The Internet of Things covers every object that can be connected to such a network. Currently, these are mainly telephones, computers, intelligent speakers (e.g., Siri and Alexa), doorbells, and cameras, but one can expect a gradual extension of its range. Smart homes, smart cities, and smart peer-to-peer networks are part of the future of the IoT vision.
The IoT solution architect is expected to show an “understanding of new network concepts,” as recruiters sometimes write. They must know how platforms and network technologies work. Their tasks are technical, although non-engineering skills are equally important, e.g., looking at IoT technology in a business context. They don’t have to know programming well, but at least its basics.
IoT specialist must be able to build IoT architectures freely (together with other specialists) to find the best development path for a given implementation or implementation.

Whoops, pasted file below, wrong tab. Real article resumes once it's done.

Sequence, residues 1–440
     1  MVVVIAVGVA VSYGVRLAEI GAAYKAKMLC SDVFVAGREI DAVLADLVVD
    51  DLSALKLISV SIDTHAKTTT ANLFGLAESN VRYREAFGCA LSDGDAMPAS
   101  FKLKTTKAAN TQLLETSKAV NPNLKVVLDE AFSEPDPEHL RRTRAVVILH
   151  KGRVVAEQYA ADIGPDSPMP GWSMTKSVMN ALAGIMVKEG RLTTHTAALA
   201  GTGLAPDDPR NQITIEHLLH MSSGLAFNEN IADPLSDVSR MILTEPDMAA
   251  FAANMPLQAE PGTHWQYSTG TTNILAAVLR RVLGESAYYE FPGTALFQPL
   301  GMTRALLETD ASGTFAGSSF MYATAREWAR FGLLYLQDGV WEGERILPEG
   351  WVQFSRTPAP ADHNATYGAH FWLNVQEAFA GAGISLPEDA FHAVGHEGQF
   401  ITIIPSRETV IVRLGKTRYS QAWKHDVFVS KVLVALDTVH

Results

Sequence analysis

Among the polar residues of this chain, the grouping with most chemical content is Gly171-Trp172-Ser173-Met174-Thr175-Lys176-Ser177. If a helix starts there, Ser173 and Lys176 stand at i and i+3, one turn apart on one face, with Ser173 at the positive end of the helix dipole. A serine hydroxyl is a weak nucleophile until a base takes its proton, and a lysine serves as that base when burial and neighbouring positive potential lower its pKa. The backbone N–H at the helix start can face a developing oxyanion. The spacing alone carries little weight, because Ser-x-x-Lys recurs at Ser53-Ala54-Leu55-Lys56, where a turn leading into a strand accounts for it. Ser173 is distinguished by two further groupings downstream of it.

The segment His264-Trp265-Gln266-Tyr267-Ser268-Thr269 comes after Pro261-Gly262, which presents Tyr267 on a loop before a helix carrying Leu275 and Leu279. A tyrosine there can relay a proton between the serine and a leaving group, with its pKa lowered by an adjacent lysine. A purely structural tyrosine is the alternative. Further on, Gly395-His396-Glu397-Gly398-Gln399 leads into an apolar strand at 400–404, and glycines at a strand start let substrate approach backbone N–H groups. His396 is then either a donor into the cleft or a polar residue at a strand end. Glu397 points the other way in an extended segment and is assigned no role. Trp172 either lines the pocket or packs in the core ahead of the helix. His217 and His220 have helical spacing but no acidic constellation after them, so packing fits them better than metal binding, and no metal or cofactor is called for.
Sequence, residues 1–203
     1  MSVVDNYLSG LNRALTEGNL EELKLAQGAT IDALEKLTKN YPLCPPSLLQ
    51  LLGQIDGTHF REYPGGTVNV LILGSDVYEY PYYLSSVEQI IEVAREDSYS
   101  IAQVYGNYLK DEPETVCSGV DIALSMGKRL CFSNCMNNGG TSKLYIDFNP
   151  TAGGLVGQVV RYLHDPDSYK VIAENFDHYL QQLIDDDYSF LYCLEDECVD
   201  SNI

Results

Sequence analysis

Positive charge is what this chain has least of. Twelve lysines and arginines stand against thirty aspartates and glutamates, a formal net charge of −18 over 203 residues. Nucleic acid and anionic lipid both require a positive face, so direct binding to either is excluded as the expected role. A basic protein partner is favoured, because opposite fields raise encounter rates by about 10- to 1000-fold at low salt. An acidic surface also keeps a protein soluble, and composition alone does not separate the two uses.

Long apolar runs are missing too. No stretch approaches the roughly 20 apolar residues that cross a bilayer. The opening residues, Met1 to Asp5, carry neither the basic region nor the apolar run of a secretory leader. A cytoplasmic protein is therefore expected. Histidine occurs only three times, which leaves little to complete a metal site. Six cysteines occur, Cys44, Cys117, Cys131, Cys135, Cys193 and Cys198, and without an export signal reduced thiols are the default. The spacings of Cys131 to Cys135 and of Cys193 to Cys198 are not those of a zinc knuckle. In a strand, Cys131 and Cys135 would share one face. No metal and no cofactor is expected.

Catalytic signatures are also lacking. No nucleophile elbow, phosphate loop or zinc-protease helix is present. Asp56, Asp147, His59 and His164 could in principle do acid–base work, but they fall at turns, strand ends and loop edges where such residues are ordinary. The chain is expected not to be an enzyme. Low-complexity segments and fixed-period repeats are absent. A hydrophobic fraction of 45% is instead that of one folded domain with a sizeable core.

Their role in the company is roomy and not obvious, they:
- participate in many different company decisions and processes;
- create POC and prototypes for projects that can belong to different domains;
- manage the project life cycle or support from the pilot project to business implementation;
- cooperate with corporate architects, service engineers, programmers, and product managers.
6. Cybersecurity Specialist
Cybersecurity is an essential issue for the entire IT industry. More and more sophisticated cyber-attacks are changing the face of this profession.